We've known for a long time that our region is blessed with talented and dedicated growers. Orange also has a growing community of artisans and craftspeople which is enriching our food culture even further.
One such master of her craft is Nanae Harada who transforms and elevates local produce using traditional methods and techniques of her native Japan.
Amongst several specialties from her homeland, one in particular stands out as a versatile and nutritious ingredient that we can easily include in our cooking with terrific results - miso.
Miso means "fermented beans" in Japanese and can be used in a wide variety of ways to season and add an umami or savoury flavour.
The list of health-giving properties in miso is nearly endless. Rich in protein, vitamins and essential minerals, miso is also a great source of beneficial bacteria and gut-aiding probiotics when naturally fermented. For millennia Japanese people have been starting their day with a bowl of miso soup to stimulate digestion, strengthen immunity and energise the mind and body. People living in the Hiroshima prefecture, where Harada hails from, have been shown to lessen the effects of radiation poisoning through a diet rich in miso. The fact that it tastes delicious doesn't hurt either!
Being vegan and usually gluten free (some miso is made with barley, although most is made using rice instead), miso is a great option for cooks looking to enliven a limited diet.
Harada makes her miso according to time honoured traditions, using only three organic Australian ingredients; rice, salt and soybeans.
This labour of love is a painstaking process beginning with the creation of koji. Harada makes koji by steaming rice to a specific level of cookedness and moisture content. The rice is then salted and inoculated with a bacterial culture and the resulting koji will be the foundation for fermentation. Soybeans are cooked for up to eight hours, mashed to a paste and then mixed with the koji. This paste is then packed into barrels where the magic slowly happens.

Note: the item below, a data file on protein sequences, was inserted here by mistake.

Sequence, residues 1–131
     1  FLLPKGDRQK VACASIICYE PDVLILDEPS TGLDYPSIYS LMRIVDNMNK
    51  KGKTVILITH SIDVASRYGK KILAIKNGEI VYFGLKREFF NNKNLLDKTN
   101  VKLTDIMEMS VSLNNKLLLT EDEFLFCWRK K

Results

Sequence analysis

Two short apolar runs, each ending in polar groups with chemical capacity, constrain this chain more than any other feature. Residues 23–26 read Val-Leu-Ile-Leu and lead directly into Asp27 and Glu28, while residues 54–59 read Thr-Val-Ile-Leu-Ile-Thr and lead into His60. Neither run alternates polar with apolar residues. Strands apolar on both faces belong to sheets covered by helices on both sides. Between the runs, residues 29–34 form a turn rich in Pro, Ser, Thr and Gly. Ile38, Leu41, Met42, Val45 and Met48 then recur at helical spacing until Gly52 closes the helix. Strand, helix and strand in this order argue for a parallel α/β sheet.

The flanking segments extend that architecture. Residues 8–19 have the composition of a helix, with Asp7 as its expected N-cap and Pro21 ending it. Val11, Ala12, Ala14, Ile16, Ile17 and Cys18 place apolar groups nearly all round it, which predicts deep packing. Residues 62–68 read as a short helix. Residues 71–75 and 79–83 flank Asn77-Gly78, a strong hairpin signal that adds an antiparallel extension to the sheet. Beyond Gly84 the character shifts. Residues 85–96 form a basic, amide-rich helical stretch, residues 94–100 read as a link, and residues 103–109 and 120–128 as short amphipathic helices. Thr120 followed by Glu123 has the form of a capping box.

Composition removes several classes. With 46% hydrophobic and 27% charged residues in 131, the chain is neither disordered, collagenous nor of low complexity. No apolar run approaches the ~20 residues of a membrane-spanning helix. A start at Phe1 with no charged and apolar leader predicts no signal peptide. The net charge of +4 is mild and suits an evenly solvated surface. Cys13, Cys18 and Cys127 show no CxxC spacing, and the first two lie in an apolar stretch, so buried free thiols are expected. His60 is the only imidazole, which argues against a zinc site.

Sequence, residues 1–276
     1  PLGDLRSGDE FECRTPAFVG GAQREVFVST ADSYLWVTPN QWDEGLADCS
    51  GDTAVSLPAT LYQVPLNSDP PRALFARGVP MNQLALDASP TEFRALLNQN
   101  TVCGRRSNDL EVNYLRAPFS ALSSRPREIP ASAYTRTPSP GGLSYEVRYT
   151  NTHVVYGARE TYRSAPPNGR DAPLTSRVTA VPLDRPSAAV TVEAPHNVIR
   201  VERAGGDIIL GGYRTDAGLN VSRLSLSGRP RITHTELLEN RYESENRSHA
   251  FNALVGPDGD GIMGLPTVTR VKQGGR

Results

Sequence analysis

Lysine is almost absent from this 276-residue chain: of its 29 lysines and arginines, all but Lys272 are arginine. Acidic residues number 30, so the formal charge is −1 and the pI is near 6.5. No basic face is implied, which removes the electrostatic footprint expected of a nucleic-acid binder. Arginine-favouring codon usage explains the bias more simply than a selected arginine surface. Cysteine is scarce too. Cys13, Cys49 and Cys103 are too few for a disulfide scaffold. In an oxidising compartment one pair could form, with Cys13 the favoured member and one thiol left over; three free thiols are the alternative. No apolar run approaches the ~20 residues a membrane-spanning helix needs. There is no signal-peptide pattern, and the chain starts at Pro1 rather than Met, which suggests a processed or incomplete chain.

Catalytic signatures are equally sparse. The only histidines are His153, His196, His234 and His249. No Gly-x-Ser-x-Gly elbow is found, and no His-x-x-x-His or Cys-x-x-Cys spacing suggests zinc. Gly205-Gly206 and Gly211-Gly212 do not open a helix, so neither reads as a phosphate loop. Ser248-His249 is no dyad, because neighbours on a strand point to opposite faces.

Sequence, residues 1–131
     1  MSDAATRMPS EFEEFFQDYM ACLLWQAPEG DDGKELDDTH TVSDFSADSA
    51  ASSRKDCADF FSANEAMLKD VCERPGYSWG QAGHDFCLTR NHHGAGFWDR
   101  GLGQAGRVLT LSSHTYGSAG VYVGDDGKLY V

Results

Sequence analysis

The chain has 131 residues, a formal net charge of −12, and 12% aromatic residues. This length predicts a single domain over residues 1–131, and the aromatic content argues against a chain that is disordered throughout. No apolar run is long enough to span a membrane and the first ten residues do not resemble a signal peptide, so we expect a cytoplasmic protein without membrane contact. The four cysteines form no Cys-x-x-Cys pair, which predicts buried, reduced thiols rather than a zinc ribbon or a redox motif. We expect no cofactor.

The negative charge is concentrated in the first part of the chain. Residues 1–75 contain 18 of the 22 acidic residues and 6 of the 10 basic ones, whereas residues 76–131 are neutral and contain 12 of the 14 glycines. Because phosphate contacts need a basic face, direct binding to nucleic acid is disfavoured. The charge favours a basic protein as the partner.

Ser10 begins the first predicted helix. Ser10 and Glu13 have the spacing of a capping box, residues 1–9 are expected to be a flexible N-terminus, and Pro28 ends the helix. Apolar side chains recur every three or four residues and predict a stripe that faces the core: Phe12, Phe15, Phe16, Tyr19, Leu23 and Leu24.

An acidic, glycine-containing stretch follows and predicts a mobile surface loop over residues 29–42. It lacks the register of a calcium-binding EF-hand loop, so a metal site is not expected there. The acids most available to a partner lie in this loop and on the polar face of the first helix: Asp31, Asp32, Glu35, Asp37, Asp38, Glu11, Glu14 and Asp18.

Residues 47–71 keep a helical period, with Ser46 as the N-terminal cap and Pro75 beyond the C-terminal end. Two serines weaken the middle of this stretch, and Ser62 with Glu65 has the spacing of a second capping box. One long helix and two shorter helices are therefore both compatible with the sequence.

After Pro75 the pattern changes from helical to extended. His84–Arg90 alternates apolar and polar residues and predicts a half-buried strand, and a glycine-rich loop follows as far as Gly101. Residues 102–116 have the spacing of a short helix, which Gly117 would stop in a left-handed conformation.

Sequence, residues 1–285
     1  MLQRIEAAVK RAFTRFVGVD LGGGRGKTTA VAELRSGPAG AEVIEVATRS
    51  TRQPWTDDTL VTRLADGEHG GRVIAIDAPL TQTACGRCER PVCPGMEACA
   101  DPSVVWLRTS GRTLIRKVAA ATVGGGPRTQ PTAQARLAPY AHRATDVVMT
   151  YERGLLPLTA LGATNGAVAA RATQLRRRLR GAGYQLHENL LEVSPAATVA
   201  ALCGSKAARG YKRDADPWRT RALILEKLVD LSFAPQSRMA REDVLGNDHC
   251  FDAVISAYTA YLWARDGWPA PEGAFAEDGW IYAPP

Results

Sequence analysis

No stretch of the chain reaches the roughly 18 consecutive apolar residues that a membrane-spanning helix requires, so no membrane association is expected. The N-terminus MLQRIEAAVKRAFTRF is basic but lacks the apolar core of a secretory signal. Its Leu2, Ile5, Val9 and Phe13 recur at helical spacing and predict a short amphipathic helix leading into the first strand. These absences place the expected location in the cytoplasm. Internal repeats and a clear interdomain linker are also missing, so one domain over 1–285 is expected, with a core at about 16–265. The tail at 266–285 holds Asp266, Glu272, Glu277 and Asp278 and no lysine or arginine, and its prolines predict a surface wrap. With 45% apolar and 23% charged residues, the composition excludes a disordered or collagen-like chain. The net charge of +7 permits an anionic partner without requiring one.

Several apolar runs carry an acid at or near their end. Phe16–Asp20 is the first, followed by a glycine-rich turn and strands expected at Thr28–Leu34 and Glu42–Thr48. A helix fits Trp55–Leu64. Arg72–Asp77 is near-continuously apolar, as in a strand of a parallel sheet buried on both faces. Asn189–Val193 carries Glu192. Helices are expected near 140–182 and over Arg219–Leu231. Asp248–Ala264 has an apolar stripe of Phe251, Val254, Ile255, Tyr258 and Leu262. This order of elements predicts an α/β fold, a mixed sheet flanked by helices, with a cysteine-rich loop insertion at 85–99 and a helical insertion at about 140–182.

Orange's cool winters and low humidity provide the ideal conditions for a controlled and slow fermentation. After anywhere from 12 to 36 months in the barrel the colour will darken and the flavours become more complex and intense.
Most store bought miso is factory made at an accelerated speed which doesn't allow for the natural flavours to develop so MSG and other seasonings are often added. Pasteurization will also kill off any health-giving probiotics.
While Harada's brand, Mountain Miso, is producing on a small scale she is planning to make some publicly available at upcoming farmers markets. Switched on diners can also sample it at a select number of restaurants including The Zin House of Mudgee and the Union Bank Schoolhouse Restaurant where chef Dom Aboud uses it for his funky twist on the Piedmontese classic, bagna cauda.
People can also get an intimate peek inside Harada's miso-making process by buying a ticket for Very Local, an Orange based streaming service that launched this weekend as part of the Orange Winter Fire Festival program.
One of my favourite ways to use miso is to simply mix it with butter. A ratio of one part miso to four parts salted butter packs plenty of punch and will keep well in the fridge. It is a tremendous substitute for any situation in which you might add a knob of butter to your cooking. Spread on toast, stirred into sauces, or rubbed on meat, fish or veges, miso butter will give any food you cook a moreish boost in flavour.
RECIPE OF THE WEEK: Miso Butter Roast Chicken
- 1.5 kg local free range chicken
- 200g miso butter
- 1 lemon, halved
- 4 garlic cloves, crushed
- 1 handful fresh oregano
- Mixed vegetables
- Push fingers between the skin and the breast, creating separation extending to the legs as well, but be careful not to tear the skin.
- Rub half the miso butter under the skin. This will keep the meat moist and impart that beautiful flavour.
- Leave the bird uncovered overnight in the fridge. Drying the skin this way will result in extra crispness when roasted
- Stuff the cavity with the lemon, garlic and oregano. I prefer a wet filling as the traditional bread stuffing can draw moisture away from the chicken.
- Arrange the vegetables in a roasting pan under and around the chicken. Fennel, celeriac and brussel sprouts are amazing right now and make a great addition to the usual potatoes, carrots and baby onions.
- Season the chicken and vegetables very lightly as the miso butter is also quite salty. Cover the chicken and vegetables with the remaining miso butter and roast in an oven preheated to 220.
- Baste regularly with the melted butter that gathers in the pan, and after 20 minutes turn the oven down to 160.
- Cook for another 20 minutes or until the temperature is 74 degrees at the densest point, where the thigh bone meets the body.
- Rest for ten minutes before carving and enjoy!
Richard Learmonth is a qualified chef and will be writing a food column for the Central Western Daily every second Saturday
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